The Queen of Sheba's Pearls Wikipedia
The Queen of Sheba's Pearls is a 2004 Swedish-British drama film set in England post-WWII. Helena Bergström plays Nancy Ackerman who mysteriously arrives on the Pretty family's doorstep. Ackerman looks eerily similar to Jack Bradley's (James Hawkins) mother who inexplicably died in an WWII-related accident 8 years prior. As the film progresses, it becomes clear that Ackerman is the identical twin separated from Jack's mother at birth. Meanwhile Jack's father, a former marine, has clouded feelings for Ackerman; he cannot decide if his feelings for her are growing on their own merits or are based on those towards his deceased wife. Ackerman also proves to be an unsettling force in Jack's life by offering advice that turns out to be eerily omniscient and fairy godmother-like. The movie was produced, directed and written by Colin Nutley who is married to the film's star, Helena Bergström.
Helena Bergström ... Nancy Ackerman/Emily Bradley
Lorcan Cranitch ... Harold Bradley
Lindsay Duncan ... Audrey Pretty
Tim Dutton ... Father Talbot
Rolf Lassgård ... Deafy
Natasha Little ... Peggy Pretty
Elizabeth Spriggs ... Laura Pretty
Peter Vaughan ... Edward Pretty
Rollo Weeks ... Jack Bradley
Eileen Atkins ... School matron
Marc Pickering ... Dinger Bell
Simon Day ... Rektorn
Bohdan Poraj ... Teacher
John Joe Regan ... Geoffrey Thicket
James Hawkins ... Young Jack Bradley
Alexander Goggins ... Mr Jenkins
According to IMDb, Jens Fischer was nominated for the Silver and Gold Frogs and won the Silver Frog at the 2005 Camerimage Festival for his work as the lighting director for the film. The Guldbagge Film Festival awarded Lasse Liljeholm and Eddie Axberg Best Achievement for sound editing and Jens Fischer was also awarded Best Cinematography. Finally, Colin Nutley was nominated for the Crystal Globe at the Karlovy Vary International Film Festival.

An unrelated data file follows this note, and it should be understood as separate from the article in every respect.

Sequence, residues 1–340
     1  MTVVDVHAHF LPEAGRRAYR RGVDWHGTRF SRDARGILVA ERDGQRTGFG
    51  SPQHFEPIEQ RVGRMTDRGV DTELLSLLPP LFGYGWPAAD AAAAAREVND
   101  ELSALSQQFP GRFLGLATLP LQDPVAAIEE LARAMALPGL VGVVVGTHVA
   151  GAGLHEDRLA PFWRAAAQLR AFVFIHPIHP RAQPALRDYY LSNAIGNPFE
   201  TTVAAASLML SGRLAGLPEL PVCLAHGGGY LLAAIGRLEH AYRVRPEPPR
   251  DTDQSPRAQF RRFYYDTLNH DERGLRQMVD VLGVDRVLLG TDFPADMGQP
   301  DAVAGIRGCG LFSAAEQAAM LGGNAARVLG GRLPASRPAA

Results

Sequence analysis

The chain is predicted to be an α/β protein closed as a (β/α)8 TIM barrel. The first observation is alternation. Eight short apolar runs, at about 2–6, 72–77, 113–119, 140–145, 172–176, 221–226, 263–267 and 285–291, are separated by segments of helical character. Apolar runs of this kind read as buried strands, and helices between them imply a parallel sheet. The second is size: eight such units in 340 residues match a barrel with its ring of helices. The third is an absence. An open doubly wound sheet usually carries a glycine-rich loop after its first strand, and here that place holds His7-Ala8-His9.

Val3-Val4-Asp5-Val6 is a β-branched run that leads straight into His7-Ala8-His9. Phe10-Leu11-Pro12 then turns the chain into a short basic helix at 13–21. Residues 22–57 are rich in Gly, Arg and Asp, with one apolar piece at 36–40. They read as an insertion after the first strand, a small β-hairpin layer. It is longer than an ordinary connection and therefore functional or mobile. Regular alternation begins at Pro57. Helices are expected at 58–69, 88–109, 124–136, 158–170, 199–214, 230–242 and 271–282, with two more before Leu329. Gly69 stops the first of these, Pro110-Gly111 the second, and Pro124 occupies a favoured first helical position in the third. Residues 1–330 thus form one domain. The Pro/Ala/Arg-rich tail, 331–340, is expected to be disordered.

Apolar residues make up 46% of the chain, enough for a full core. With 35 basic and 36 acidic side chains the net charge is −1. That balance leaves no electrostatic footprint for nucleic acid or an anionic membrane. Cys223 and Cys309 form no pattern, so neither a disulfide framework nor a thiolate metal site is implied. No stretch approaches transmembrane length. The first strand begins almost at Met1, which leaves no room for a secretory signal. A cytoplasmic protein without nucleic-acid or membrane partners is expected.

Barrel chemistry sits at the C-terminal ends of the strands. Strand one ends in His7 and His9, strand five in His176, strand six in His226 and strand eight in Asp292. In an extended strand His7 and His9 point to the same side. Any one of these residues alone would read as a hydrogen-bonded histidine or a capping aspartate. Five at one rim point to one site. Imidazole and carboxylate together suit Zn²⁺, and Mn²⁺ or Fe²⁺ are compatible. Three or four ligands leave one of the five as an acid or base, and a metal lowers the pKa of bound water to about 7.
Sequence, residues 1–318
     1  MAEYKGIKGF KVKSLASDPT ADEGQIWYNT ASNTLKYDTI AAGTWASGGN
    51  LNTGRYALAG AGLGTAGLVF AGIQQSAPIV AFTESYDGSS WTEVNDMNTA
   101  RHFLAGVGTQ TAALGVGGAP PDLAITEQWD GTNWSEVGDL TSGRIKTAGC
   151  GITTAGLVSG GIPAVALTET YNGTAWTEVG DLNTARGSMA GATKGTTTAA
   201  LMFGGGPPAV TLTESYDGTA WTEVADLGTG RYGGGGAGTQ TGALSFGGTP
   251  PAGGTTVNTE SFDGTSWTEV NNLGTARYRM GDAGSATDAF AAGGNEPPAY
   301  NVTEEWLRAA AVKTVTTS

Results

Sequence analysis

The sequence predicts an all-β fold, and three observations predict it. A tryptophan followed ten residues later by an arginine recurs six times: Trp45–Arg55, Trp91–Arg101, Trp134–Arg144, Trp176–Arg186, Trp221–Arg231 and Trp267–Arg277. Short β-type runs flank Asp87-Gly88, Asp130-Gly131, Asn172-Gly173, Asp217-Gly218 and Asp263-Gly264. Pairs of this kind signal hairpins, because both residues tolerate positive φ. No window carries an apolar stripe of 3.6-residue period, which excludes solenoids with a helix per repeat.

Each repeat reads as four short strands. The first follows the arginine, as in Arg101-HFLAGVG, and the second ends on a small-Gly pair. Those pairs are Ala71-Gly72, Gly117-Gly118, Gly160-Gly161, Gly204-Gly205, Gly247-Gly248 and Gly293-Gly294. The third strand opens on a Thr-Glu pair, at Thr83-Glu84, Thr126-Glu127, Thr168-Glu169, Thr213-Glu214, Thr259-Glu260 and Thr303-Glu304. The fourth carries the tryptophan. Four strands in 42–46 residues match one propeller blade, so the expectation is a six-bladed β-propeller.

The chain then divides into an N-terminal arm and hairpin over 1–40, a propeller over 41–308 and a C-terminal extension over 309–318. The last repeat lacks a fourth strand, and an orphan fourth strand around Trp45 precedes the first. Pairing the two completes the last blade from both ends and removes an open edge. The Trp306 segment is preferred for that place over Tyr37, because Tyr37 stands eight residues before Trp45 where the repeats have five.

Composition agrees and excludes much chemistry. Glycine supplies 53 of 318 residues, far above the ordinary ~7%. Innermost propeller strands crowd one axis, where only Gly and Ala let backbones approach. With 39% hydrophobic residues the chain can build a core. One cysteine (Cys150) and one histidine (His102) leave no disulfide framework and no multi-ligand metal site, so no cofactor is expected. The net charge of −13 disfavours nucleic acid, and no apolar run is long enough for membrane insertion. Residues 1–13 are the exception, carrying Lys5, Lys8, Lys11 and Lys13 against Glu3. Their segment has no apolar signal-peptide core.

A number of positive reviews followed the release of The Queen of Sheba's Pearls. Variety magazine called the film "unquestionably [Nutley's] most substantial movie to date." Sandra Hall, a British critic, provides a more clouded review of the film, saying that while Nutley is "not great on plot mechanics and narrative dovetailing. He's into vignettes rather than the big picture. Yet in its anecdotal way, the film somehow hangs together, shaping itself into a benign and sunny take on a plot device we've often seen before in films - about a fraying household rejuvenated by the presence of a seductive stranger." However, while critics, film analysts, and awards committees agreed that the film has superb casting and behind the scenes elements it is not especially popular or well-known with the general public as evidenced by the lack of comments and support on a number of public review sites including Flixster and Rotten Tomatoes.